High Traffic with Low Efficiency: America’s Port Problems

Bottlenecks, shortages, tariffs, oh my! After recent years of chaotic crises, do companies remain hesitant about returning their regular, pre covid, shipment operations? What continues to drive port precautions and delays? Has it always been this bad?

Many experts say that the issues at the ports have been a crisis in the making for decades. It has only been recently that holes in America’s port systems are being noticed. The pandemic, strikes, and high demand have all played a role in making American ports some of the least efficient in the world.

You read that right, America has been behind in port efficiency even before the pandemic, yet we are one of the busiest. Without going too much (for the sake of redundancy) into how the pandemic has affected the supply chain, there have been multiple factors that have been contributing to bottle necks and slow unloading periods which are not in the spotlight.

Out-dated policies such as the 1920 Jones Act which states:

“Also, known as the Merchant Marine Act of 1920, is a federal statute establishing support for the development and maintenance of a merchant marine in order to support commercial activity and serve as a naval auxiliary in times of war or national emergency (see 46 USC § 50101).”

Which, in English, states that goods transported on water between the U.S. ports need to be on ships that were built in the U.S., owned by the U.S. and crewed by the U.S. originally created to “bolster” the U.S. maritime community by created jobs, raising pay and also protect national security. This has created a multitude of consequences, none of which more burdensome that the rising costs to build the vessels as well goods and inland transportation of those goods.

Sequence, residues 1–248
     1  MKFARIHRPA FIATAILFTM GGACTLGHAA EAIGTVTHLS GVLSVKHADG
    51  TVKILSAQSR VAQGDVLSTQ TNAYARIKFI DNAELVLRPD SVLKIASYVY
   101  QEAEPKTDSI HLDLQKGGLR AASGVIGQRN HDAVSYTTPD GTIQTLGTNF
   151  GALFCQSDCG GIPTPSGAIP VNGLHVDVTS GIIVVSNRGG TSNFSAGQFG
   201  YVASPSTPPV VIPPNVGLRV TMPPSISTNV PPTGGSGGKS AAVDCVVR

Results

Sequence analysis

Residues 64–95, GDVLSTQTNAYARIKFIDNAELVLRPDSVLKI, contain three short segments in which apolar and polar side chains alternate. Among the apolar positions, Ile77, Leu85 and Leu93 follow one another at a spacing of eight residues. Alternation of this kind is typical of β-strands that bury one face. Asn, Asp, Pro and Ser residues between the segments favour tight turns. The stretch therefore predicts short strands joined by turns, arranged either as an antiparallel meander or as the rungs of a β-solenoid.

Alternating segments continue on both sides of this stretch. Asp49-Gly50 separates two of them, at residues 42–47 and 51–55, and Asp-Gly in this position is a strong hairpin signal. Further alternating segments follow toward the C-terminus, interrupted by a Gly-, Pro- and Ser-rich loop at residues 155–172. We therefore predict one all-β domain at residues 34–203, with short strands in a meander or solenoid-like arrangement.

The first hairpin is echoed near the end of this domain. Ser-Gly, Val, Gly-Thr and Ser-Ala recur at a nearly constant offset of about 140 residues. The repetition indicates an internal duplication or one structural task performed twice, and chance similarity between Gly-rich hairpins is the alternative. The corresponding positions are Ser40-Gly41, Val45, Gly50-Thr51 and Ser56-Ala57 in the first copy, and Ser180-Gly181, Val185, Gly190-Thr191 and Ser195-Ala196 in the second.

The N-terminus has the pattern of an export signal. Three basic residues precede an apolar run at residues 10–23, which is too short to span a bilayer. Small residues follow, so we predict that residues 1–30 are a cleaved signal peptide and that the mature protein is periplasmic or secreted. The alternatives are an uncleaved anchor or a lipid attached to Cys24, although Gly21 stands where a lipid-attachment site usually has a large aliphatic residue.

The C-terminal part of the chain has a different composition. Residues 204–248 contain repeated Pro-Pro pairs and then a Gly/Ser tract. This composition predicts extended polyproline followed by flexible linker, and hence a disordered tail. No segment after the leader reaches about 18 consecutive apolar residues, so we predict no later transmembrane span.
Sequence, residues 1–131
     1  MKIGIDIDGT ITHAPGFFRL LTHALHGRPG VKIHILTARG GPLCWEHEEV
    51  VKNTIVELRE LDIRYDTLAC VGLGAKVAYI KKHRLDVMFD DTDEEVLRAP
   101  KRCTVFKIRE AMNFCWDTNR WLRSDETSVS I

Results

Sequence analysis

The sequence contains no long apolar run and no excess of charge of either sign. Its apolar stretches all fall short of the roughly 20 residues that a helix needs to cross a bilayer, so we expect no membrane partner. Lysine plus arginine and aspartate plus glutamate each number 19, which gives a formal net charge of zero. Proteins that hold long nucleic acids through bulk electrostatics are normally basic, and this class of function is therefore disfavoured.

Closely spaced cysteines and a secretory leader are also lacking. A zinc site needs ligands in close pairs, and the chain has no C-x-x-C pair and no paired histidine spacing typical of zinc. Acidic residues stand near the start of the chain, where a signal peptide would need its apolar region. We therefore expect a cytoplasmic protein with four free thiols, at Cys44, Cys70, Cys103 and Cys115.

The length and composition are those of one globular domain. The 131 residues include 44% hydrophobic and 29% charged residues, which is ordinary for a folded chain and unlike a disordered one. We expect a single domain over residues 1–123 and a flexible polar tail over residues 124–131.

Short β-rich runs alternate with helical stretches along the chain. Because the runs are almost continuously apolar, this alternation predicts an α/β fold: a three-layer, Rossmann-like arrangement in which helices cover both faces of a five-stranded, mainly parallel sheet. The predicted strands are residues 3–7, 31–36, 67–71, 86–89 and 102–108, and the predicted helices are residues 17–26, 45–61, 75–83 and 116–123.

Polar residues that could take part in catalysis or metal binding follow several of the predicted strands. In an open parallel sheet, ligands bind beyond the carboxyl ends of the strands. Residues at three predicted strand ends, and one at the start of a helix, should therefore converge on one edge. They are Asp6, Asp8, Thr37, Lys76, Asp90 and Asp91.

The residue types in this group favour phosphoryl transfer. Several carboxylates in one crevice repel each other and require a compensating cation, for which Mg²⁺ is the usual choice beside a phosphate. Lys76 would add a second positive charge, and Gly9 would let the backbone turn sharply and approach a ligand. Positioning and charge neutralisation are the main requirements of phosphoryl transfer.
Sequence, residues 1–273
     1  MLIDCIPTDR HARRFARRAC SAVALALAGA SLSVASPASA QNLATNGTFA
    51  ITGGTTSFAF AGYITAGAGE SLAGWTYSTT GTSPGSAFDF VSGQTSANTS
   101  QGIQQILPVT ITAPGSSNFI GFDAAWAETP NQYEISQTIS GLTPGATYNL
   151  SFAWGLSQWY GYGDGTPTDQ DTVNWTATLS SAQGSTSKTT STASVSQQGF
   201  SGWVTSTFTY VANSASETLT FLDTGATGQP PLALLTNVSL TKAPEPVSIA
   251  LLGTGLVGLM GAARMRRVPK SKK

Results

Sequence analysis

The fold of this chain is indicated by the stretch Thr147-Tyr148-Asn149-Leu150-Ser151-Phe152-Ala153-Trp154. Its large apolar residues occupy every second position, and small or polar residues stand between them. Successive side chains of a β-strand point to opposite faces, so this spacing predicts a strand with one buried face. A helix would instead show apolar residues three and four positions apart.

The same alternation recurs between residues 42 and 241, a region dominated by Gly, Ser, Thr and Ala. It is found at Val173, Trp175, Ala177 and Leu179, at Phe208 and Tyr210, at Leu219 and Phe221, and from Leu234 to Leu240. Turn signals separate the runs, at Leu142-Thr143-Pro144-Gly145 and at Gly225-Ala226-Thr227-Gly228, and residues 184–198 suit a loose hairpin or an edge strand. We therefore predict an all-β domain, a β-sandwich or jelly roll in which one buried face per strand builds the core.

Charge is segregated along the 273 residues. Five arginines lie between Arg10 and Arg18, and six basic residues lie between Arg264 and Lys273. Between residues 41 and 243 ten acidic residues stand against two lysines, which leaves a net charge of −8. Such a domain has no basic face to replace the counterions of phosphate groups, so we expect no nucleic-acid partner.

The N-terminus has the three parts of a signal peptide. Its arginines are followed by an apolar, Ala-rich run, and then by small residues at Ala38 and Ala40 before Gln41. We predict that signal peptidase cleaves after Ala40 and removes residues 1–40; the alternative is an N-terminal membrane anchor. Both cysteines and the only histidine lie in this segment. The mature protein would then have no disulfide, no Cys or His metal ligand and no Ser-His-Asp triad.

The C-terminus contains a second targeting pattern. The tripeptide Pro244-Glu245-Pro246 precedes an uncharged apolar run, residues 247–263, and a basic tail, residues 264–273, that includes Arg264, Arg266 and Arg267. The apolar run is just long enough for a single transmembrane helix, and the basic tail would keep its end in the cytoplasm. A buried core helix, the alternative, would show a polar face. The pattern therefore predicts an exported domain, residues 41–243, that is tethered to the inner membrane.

“As a result of these restrictions, the U.S. economy endures artificially inflated shipping costs because the transport of cargo between U.S. ports and within the country’s vast inland waterways is off‐​limits to foreign competition and domestic shipping firms must pay vastly higher prices for the ships they use. Although higher shipping rates are the most obvious cost of the Jones Act, they are merely the first in a cascade of adverse consequences unleashed by the law’s restrictions.” – cato.org

There have been many calls for congress to abolish, or at the least, reform the act, to help increase port efficiency and even help decrease the cost of fuel. As of right now though, it looks like we are stuck with it.

Another variable in our ports’ deficiency is lack of cooperation between companies and unions. As time passes, advancements tend to make jobs easier, including automation. While more ports around the world are utilizing automation, the unions that make up most of the west and east coasts both are vehemently against “job-killing” automation advancements in the ports. There is a fear that incorporating more technology and robotics would lessen the needs for manual labor. Another issue they take up with is pay. Stating that their pay is dramatically less than those that do not have to do such physically demanding jobs in the port. One thing leads to another, and we began to get waves of strikes that end up shutting down already-strained ports.

Companies and ports have started to hire non-union workers where they can as a way to stave off confrontations and keep things moving but the ILA and ILWA are seemingly entrenched that some businesses have their hands tied.

A smaller factor, but equally as glaring, is looking at the hours and shifts that most major ports in the U.S. have. The worlds’ top performing ports not only embrace automation, but also run 24/7 as well as welcome international ships.

Putting just the few observations above into perspective, it makes sense that American ports are in desperate need of reform and restructure. Many believe that since the pandemic has leant a mighty hand in exposing these weaknesses that organizations and governments will make it a priority to better the way things are done now, in order to prepare for what may be ahead.

Is your company ready to take on a transport 3PL or is it a conversation that been put off for a little too long? Call us today to see if Meadow Lark can meet you where you’re at to provide solutions for your growth!

(866) 736-5233


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